Newsletter (March 20, 2023)

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Q&A From Our Inbox

SchoolHouse Connection receives many questions from educators, service providers, and the public about the education and care of children and youth experiencing homelessness. We respond to every question we receive, citing applicable law and policy. In order to assist people who may have similar questions, we feature many of the questions and answers on this web page.

Q: Our state has a law that excludes all students in mid-February if they are not up to date with their immunizations. This statewide day is called “Exclusion Day”. McKinney-Vento law states that we must review and revise policies that are a barrier to McKinney-Vento students enrollment and participation, and I believe exclusion day can be a barrier to a student’s attendance. We connect our students to health resources and advocate for students so that we can prevent their exclusion from school. This year, some of my liaison colleagues in neighboring school districts and I have experienced schools excluding students despite our advocacy. I know that federal law supersedes state law, and I’m hoping for a national lens to this practice. [See Answer]

Q: We have a student who became homeless this school year, so School A became her school of origin. The family relocated to another attendance area (School B). In January, the student decided to leave school of origin (School A) per parent request and enroll in the school of her attendance area (School B). The student now wants to return to School A. Is School A still her school of origin? What if the student now has secure housing in School B’s attendance area? [See Answer]

Q: We are working with a family that struggles financially. Mom is dealing with some medical challenges and is needing brain surgery; she currently can’t be left alone. Since mom can’t be alone, our student and her mom are doubled up with grandma three to five days out of the week. The other days they are able to be at their home, because grandma can be there with them. Grandma lives out of our school district and has reached out for help with transportation. We know they are struggling financially, but we can’t decide if the living situation is one that would be eligible under McKinney-Vento. [See Answer]

[Webinar] Home Visiting for Homeless Families

Tuesday, March 28, 2:00-3:00PM Eastern

Co-presented by researchers from Chapin Hall at the University of Chicago, we dive into the home visiting program model and key findings from Chapin Hall’s formative evaluation study. We’ll also discuss how to break down barriers to accessing home visiting programs, and ways that home visiting programs can be more responsive to the needs of families experiencing homelessness.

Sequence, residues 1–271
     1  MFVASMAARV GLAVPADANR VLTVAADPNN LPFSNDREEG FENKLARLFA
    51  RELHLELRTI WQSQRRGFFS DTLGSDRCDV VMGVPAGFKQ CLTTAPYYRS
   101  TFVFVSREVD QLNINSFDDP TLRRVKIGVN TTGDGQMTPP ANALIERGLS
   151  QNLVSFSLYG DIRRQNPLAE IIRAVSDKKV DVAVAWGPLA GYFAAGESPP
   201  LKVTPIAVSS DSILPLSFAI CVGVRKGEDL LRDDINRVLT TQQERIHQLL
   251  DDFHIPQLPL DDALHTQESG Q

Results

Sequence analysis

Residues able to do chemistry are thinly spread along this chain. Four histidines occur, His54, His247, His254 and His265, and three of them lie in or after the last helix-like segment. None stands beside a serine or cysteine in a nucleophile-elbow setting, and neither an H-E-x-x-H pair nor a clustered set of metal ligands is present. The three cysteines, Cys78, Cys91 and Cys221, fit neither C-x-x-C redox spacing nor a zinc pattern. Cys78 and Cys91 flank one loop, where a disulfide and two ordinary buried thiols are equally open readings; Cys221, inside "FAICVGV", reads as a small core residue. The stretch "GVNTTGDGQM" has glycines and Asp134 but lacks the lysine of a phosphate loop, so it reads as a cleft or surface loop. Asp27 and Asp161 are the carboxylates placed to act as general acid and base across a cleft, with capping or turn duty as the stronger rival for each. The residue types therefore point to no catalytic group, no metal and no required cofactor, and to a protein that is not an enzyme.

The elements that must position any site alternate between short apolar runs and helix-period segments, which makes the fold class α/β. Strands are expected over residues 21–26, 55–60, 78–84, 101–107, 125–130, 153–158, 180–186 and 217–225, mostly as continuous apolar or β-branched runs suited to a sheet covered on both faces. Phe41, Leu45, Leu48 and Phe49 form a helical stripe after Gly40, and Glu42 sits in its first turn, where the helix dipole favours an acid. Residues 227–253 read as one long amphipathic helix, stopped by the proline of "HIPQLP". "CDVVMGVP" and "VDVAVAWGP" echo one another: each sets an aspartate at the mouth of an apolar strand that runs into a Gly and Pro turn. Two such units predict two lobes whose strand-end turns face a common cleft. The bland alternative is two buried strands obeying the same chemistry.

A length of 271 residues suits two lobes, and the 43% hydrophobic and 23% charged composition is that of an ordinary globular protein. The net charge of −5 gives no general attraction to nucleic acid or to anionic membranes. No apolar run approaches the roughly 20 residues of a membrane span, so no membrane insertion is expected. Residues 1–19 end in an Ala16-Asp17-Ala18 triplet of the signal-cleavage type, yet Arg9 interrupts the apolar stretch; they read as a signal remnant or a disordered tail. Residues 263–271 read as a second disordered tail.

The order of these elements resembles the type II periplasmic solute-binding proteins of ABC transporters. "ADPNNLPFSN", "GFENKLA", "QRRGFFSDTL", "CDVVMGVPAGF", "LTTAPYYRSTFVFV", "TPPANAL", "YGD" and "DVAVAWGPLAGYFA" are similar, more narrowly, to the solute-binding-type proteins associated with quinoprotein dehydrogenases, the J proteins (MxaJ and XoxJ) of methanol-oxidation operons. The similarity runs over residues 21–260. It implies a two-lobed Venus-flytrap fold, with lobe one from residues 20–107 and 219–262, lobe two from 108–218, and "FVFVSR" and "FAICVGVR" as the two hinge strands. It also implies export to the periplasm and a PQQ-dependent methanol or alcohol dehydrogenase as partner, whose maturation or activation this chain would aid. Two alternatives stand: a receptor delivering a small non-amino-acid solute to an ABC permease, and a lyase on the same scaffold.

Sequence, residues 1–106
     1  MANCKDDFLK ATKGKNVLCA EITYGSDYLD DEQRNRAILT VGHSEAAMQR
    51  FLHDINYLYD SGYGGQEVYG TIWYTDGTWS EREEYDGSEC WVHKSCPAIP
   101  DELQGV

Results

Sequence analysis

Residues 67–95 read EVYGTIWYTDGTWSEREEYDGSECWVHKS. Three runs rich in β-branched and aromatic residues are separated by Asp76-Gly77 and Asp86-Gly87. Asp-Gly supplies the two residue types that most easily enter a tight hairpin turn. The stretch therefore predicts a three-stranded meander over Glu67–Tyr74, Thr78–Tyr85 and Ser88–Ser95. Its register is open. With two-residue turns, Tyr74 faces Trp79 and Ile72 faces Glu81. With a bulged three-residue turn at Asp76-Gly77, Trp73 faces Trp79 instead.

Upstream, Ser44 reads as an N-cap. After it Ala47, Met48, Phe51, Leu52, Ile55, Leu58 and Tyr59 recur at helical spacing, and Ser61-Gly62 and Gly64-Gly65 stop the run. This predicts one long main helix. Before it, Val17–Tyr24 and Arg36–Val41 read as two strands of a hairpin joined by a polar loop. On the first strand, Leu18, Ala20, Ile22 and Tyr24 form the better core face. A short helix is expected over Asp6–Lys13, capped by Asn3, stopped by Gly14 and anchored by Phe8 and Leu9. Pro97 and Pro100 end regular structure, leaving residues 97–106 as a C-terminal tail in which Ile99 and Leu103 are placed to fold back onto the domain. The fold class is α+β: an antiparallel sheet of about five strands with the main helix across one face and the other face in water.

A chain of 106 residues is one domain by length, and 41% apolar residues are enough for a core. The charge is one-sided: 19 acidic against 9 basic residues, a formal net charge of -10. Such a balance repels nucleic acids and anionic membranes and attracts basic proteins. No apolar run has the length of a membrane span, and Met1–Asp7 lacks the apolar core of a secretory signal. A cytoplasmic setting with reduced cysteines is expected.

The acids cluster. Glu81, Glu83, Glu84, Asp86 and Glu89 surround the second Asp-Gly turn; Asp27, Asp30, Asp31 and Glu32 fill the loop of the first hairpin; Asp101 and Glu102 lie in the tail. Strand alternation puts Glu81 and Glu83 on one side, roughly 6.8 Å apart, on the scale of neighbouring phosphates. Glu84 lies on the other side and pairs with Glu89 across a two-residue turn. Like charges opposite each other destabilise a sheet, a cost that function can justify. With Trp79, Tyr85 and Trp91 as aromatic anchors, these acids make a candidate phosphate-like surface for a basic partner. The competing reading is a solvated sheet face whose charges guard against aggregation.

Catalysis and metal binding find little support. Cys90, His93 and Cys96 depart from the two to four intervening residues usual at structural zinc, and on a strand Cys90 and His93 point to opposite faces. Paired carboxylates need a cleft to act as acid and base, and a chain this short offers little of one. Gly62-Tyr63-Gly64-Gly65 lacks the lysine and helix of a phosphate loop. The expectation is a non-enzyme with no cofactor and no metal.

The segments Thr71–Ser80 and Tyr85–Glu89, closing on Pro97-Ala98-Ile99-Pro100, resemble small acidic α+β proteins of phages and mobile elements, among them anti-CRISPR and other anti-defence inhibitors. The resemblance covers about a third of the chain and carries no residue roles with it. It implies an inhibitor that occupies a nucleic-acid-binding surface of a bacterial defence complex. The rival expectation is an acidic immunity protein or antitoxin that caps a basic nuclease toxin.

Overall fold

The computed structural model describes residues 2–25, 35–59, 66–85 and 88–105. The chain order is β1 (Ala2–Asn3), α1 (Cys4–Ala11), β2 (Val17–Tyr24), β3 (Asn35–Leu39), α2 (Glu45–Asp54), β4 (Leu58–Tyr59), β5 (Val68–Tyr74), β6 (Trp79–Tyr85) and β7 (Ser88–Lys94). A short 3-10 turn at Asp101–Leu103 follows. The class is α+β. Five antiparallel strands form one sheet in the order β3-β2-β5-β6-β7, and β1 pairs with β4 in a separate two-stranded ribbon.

[Webinar] How TRIO Student Support Services Can Help Students Experiencing Homelessness

Wednesday, April 12, 1:00-2:00PM Eastern

The Federal TRIO programs help low-income individuals, first-generation college students, and individuals with disabilities to progress through the academic pipeline from middle school through higher education. Under the FAFSA Simplification Act, TRIO and GEAR UP programs are newly authorized to determine unaccompanied homeless youth status on the FAFSA. During this panel, webinar participants will learn about FAFSA simplification and its implications for TRIO Student Support Services (SSS), as well as hear from two TRIO SSS programs on how they support students experiencing homelessness and how they will implement the new FAFSA provisions.

ARP-HCY Spotlight: Community Partnerships

Pinellas County Schools (PCS) is making great strides in supporting their students experiencing homelessness with the help of ARP-HCY Part I and Part II funds. With over 3,000 students identified as homeless, PCS prioritized wraparound services and housing-related supports, staffing, and transportation to meet the needs of their students. Thanks to a collaborative contract with community partners, PCS was able to expand housing programs to support families using ARP-HCY funds, and has referred more than 90 families to this program. PCS is also partnering with community organizations to provide uniforms, transportation, and support for unaccompanied homeless youth. Through careful tracking of data, PCS hopes to encourage continued community partnerships and funding to support these essential initiatives beyond the lifespan of ARP-HCY funds.

Dr. Christine Cantrell, Student and Community Support Services Homeless Liaison says:“We are visible in the community, reminding our community partners of McKinney-Vento so that our housing partners can also be McKinney-Vento advocates. We connect families to these partners who are experts at moving families into housing because our expertise is education. We’ve built a successful model of partnerships with our housing providers, and it’s been the best way to use ARP-HCY funds to support our families.”

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